It is the late 1800s, and Creeper is a thirteen-year-old orphan girl who lives on the streets of New Orleans and gets by stealing in this alternate history of America. Through a hard-fought battle at the end of the American Civil War, New Orleans is the only place where people of color are free, and Confederate and Union soldiers can socialize without coming to blows. Creeper hopes to escape her hand-to-mouth existence with the help of an airship captain, but life becomes more complicated when she overhears that the Rebels plan to kidnap an important Haitian scientist whose knowledge might destroy her beloved city. But Creeper has a secret. Deep inside her lies the old African God, Oya, who can be a bit capricious. Will Oya and the airship captain help her stop the Rebels, or do they have an agenda of their own?
Watercolor is generally seen in pastels, an art form more suited for calming meadows than gritty noir horror, but Killadelphia blows that notion right out of the water.
MINOR SPOILERS BELOW
In an alternate near future, the United States has walled itself off from the rest of the world. Known as the “Sealing,” no one outside the walls had heard a word from inside the USA until thirty years later when a pandemic called Sky rages across the globe. Two political entities, Alliance Euro-Afrique (AEA) and the Pan-Asian Prosperity Zone, pick up a message from a Dr. Sam Elgin, inviting them to America to help them deal with the plague. A team is assembled consisting of two diplomats, a journalist (Valentina Sadoval), an epidemiologist (Charlotte Graves), her brother, Major Graves, a Col. Bukowski, and an American History specialist (Dr. Kenyatta). Their mission is to fly a pre-approved path to Colorado to meet with Dr. Elgin who was once part of a project called Aurora.
Quick recap of “New Sheriff in the ‘Verse” so far: While Mal is still playing Sheriff in the ‘Verse, he’s still looking out for his own. It’s becoming obvious that the killer is out to cause him hurt, and it would appear that he has his sights set on Mal’s closest and dearest. Inara learns from a high-ranking Blue Sun contact that the threat may actually be coming from within Blue Sun, which seems fairly obvious given the killer’s arsenal and tech.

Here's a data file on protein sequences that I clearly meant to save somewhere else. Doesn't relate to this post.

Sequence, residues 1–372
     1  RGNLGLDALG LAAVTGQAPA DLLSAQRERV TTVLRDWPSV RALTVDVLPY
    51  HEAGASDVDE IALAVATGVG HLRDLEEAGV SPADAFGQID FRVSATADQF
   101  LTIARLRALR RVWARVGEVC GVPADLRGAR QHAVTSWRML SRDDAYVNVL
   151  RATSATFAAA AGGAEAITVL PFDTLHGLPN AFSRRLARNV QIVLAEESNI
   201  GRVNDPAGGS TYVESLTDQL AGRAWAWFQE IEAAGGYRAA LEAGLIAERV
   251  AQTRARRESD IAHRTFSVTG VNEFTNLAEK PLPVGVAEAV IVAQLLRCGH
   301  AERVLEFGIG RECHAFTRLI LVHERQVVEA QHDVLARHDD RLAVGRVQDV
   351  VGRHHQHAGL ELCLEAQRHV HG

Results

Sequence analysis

Quick recap: The Hellmouth has been muzzled. After losing Xander, an unsettled and heartbroken Willow made the decision to temporarily leave Sunnydale... which is where we find her in this miniseries.
The following is an interview with Frank Forte regarding the launch of his new YouTube-based project, The June of Goon. In this interview, Fanbase Press Editor-in-Chief Barbra Dillon chats with Forte about the inspiration behind the online initiative, the creative process in working with various animators to bring the project to life, the launch of Goon Cartoons’ website and YouTube redesign, and more!
While it can be argued that the DC Extended Universe has struggled on the silver screen, the DC Animated Movie Universe has flourished in the direct-to-DVD market well beyond expectations, reinterpreting several historically important events in DC Comics history and building a connection between its various metahuman superheroes that feels genuine, believable, and - perhaps most importantly - earned. DC Animated’s Justice League Dark: Apokolips War is the final chapter in the 15-movie arc that makes up the DCAMU and delivers an appropriately thrilling, epic, and touching conclusion to a story audiences have been following since 2013.
Eve Stranger’s trade paperback is beyond the simple binding of the various issues into a single form. It’s a celebration of the series, and I am excited to join in.
Don’t get confused; this is not Marvel Comics' Miss America, though we do see versions of Marvel characters in this Image comic, which felt odd. This is America Vazquez, a character developed by Joe Casey and Nick Dragotta; she was their updated version of the character from Marvel Comics that first appeared back in the 1940s. To read more about the semi-confusing history of both Americas and how they relate, check out this article from The Hollywood Reporter.